Updated Apr 15, 2024 - Energy & Environment

World's fourth global coral bleaching event is underway, NOAA says

Bleached corals in the waters of Raja Ampat Regency in east Indonesia's West Papua region in 2023.

Bleached corals in the waters of Raja Ampat Regency in east Indonesia's West Papua region in 2023. Photo: Lillian Suwanrumpha/AFP via Getty Image

Coral reefs around the world are experiencing a "significant" bleaching event driven by record-breaking ocean heat from human-caused climate change, the National Ocean and Atmospheric Administration (NOAA) warned on Monday.

Why it matters: It's the fourth global bleaching event on record, and the second in the last decade. Bleaching threatens the reefs, which are vital harbors for marine biodiversity and major drivers of fishing and tourism revenue for countries across the globe.

  • The previous bleaching events were recorded in 1998, 2010 and between 2014 to 2017.

Threat level: NOAA and the International Coral Reef Initiative (ICRI) said bleaching has been documented in at least 53 countries, territories and local economies in both hemispheres since early 2023.

  • Derek Manzello, NOAA's Coral Reef Watch coordinator, told Axios' Andrew Freedman that 54% world's coral area has experienced bleaching-level heat stress over the last year.
  • He said that figure is growing by roughly 1% every week and that the current bleaching event could become the largest on record if it surpasses the previous peak of 56.1%.

What they're saying: "As the world's oceans continue to warm, coral bleaching is becoming more frequent and severe," Manzello said.

  • "When these events are sufficiently severe or prolonged, they can cause coral mortality, which hurts the people who depend on the coral reefs for their livelihoods," Manzello added.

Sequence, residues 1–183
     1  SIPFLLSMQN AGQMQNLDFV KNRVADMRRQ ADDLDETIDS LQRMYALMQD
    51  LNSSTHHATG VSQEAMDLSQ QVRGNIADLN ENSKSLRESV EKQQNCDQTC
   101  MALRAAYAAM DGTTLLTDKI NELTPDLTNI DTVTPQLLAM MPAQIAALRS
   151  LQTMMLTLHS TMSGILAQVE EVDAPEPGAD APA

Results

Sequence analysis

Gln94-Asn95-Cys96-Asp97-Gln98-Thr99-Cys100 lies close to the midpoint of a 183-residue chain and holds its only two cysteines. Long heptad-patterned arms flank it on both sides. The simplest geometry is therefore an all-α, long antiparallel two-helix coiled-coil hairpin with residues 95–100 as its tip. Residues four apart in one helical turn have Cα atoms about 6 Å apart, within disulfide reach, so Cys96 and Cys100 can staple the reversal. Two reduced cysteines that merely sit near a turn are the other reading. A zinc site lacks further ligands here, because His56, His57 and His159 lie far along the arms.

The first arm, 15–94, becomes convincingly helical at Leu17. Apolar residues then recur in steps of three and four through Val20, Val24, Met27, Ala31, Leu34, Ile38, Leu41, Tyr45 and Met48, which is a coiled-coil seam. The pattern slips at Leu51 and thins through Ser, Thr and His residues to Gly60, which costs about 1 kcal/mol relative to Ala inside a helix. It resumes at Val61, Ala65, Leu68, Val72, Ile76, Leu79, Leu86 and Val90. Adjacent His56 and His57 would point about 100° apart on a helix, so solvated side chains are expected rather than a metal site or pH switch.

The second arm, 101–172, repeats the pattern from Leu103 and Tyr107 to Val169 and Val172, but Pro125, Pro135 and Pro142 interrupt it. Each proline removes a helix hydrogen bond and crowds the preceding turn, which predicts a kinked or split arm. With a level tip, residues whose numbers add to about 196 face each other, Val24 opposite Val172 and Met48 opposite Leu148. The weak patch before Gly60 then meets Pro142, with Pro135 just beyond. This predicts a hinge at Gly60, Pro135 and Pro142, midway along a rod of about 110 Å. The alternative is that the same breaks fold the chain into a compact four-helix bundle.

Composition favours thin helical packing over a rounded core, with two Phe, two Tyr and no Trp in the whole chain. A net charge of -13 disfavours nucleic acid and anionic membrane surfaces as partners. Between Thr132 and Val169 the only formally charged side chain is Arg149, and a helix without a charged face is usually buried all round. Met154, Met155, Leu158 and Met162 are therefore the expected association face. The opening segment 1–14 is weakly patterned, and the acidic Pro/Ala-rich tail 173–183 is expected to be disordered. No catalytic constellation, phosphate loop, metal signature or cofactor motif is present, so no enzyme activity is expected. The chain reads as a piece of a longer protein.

How it works: Bleaching occurs when coral stressed from environmental changes loses the photosynthetic algae, or zooxanthellae, they need to survive.

  • Bleached corals are more vulnerable to disease and mortality, per NOAA.
  • Coral faces an elevated risk of starvation and disease while bleached but can survive if conditions quickly return to normal. If not, mass coral deaths are likely to occur, leading to the potential collapse of entire reef ecosystems.
  • Mass events are defined as significant bleaching being recorded in all three ocean basins that host coral reefs — the Pacific, Indian and Atlantic — within a year.

The big picture: NOAA warned last month marine heatwaves are expected to continue to bleach coral around the world.

  • Australia's Great Barrier Reef, the world's largest coral reef ecosystem, could be among the areas hardest hit, the agency said at the time.
  • ICRI said the current widespread coral bleaching event across the Great Barrier Reef is the fifth mass event the reef has suffered in the last decade and the seventh on record.
  • The coral in the Florida Keys were extensively damaged from a long-lasting and severe marine heat wave last year even after NOAA and other organizations went to extraordinary lengths to save them.

Go deeper: Earth has its warmest March on record, beating 2023's milestone

Editor's note: This story was updated with additional context.

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